Ray Gricar wasn’t one to be intimidated by high-profile cases.
He didn’t dabble in politics or enjoy the limelight.
Centre County’s former district attorney, who went missing in 2005 and was declared dead in July, was an introverted man who affiliated himself with few and wasn’t easily swayed by others.
“He was a very kind of private but independent guy,” said Bob Buehner, the Montour County district attorney. “He didn’t belong to a lot of organizations. I would say he was fiercely independent.”
Sign Up and Save
Get six months of free digital access to the Centre Daily Times
That’s actually been one major roadblock for investigators in his missing persons case: It’s hard to get inside his head.
The state Attorney General’s Office said Gricar is the one who made the decision not to prosecute Jerry Sandusky in 1998, when two children reported that Sandusky washed them during a shower.
Gricar was also the county’s top prosecutor when many of the other inappropriate acts were alleged to have happened.
But before the allegations brought by a boy in Clinton County in 2009, the 23-page grand jury presentment says police were only ever notified once: in 1998.
According to those who were present during that investigation, Gricar seemed to be the one who made the decision not to prosecute.
Gricar disappeared April 15, 2005, after taking a day off work to drive to Lewisburg. His disappearance has been the subject of a lot of speculation.
His laptop hard drive, which was found dumped in the Susquehanna River near where his car was parked in Lewisburg, was too badly damaged by water to be read.
The information on that computer that was destroyed is left to conjecture.
A member of law enforcement who was in the room with Gricar when police presented him with the 1998 allegations against Sandusky said Gricar led the investigation.
He tried to get information by having officers hide in the home of one of the victims as the mother confronted Sandusky.
But that source said he isn’t sure how Gricar came to his final decision not to prosecute the case.
Jerry Lauro, the investigator for the state Department of Welfare is mentioned in the grand jury presentment as having interviewed Sandusky, along with now-retired Penn State police Officer Ron Schreffler.
The presentment says Sandusky admitted to showering naked with the victim and admitted it was wrong.
“I had no decision-making authority or power in any of these cases,” Lauro said, when contacted Saturday. “They are left up to the district attorney to decide. In all of the hundreds of cases that I ran, I never let anyone influence me.”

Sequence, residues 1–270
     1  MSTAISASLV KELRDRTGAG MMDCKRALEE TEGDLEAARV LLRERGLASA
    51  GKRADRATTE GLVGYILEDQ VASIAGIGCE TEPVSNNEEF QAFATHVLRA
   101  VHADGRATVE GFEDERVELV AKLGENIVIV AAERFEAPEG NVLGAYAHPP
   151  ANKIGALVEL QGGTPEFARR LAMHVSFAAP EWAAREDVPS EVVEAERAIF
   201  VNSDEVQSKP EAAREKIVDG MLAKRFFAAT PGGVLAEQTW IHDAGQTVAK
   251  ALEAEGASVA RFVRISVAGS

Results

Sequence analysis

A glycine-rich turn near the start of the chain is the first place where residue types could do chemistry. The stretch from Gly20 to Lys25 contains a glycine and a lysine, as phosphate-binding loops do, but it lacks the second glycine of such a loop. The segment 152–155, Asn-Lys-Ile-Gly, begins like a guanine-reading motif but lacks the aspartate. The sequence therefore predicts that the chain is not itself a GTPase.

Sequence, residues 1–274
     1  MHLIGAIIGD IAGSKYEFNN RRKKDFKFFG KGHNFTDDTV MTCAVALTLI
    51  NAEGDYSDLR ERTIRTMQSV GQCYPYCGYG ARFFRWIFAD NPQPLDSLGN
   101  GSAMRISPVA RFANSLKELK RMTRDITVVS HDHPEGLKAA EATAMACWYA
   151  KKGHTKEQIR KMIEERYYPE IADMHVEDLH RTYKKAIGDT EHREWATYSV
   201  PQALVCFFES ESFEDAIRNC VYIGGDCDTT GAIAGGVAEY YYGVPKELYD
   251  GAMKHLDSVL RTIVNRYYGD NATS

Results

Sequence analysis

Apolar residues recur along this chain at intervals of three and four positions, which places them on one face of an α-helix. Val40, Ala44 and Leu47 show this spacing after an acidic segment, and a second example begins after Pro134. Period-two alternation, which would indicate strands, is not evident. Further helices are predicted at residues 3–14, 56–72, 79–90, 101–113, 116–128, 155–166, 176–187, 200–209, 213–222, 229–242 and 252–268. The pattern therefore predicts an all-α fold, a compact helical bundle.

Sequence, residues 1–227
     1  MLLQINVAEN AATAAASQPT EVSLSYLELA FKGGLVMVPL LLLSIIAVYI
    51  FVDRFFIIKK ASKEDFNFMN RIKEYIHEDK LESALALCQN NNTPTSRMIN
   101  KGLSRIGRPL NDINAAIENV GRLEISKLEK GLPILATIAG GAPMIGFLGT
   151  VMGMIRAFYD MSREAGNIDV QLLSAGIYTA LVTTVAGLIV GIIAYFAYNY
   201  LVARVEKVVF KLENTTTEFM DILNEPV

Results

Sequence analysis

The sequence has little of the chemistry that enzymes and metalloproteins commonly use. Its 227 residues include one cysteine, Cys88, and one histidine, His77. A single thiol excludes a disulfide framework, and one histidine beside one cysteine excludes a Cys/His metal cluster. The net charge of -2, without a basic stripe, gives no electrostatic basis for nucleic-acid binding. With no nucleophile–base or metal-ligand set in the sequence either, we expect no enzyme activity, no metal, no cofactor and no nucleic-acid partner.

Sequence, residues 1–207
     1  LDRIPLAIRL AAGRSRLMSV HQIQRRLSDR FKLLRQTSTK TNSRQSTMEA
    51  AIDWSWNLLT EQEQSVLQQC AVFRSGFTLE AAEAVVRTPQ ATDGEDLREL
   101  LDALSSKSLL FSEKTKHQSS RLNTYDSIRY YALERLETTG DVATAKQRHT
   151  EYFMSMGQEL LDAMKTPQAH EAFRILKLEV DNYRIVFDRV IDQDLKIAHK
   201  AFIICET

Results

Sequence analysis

Schreffler declined to comment.
Gricar pursued several controversial cases involving football players and the prosecutions of students involved in the 2001 downtown State College riot.
Steve Sloane, an assistant prosecutor in his office, handled most of those cases, and is known as one of Gricar’s closest work confidants.
“He wasn’t media savvy,” Sloane said. “He didn’t read local papers and follow local gossip. It wouldn’t have mattered if it was Joe Paterno or a 10-repeat felon. He would treat them the same way if they were legit suspected of committing crimes.”
But he wasn’t a rash prosecutor, either, Buehner said.
“I would say this about Ray: He would be extremely cautious in proceeding because he wanted to make sure that there would be a reasonable likelihood of conviction. You don’t want to go after someone high profile unless you have a compelling case.”
There’s no indication that Gricar was notified in 2002, when a graduate assistant reported to head football coach Joe Paterno that he witnessed Sandusky and a young boy engaged in a sex act in the shower of the Lasch Football Building the day before spring break.
That’s the case in which the grand jury panel found that Athletic Director Tim Curley and top executive Gary Schultz should have reported to police, but didn’t, according to the indictment from the state attorney general.
Under law, certain educational leaders are required to report possible sex abuse.
By then, however, the 1998 report that was labeled “unfounded” because Gricar decided not to press charges, and would have been expunged. State law requires Children and Youth Services to delete all notes after one year and four months.
First Assistant District Attorney Mark Smith, who is still with that office, took over Gricar’s position for eight months after the disappearance until an election was held. Smith said he doesn’t recall anything being brought to his attention about allegations against Sandusky.
The next district attorney to be elected in Centre County was Michael Madeira, and there’s no indication he knew about the older reports, either.
He is the prosecutor who referred the most recent case — in Clinton County — to the attorney general soon after it was reported early in 2009. Madeira gave the case up, citing a conflict of interest.
By the time his successor, Stacy Parks Miller, took office, the Attorney General’s Office had been working the case for a year and a grand jury already was hearing testimony.